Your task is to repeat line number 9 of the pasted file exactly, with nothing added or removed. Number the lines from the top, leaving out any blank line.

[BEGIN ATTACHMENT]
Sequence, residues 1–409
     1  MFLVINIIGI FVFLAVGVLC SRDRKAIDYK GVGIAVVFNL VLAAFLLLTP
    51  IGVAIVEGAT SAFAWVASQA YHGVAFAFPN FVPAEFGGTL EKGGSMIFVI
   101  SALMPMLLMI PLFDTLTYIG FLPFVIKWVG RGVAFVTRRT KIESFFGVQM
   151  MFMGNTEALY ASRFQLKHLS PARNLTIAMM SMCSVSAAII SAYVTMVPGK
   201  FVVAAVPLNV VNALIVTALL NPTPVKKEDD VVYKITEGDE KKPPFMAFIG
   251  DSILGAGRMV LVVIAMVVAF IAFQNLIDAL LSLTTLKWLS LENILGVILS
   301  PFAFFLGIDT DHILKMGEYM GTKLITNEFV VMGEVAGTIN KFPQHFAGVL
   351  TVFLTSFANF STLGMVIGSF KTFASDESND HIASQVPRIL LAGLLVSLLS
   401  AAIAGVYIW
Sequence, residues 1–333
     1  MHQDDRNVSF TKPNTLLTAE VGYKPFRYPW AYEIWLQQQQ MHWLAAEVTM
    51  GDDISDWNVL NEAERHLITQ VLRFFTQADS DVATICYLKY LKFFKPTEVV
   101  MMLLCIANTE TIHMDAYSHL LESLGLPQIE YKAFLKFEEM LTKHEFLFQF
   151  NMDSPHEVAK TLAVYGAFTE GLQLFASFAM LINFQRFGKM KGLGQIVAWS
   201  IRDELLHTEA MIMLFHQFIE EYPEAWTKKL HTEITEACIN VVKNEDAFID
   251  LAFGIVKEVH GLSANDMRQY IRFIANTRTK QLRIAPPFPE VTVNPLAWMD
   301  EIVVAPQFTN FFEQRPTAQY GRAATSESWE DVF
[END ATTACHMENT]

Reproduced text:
   351  TVFLTSFANF STLGMVIGSF KTFASDESND HIASQVPRIL LAGLLVSLLS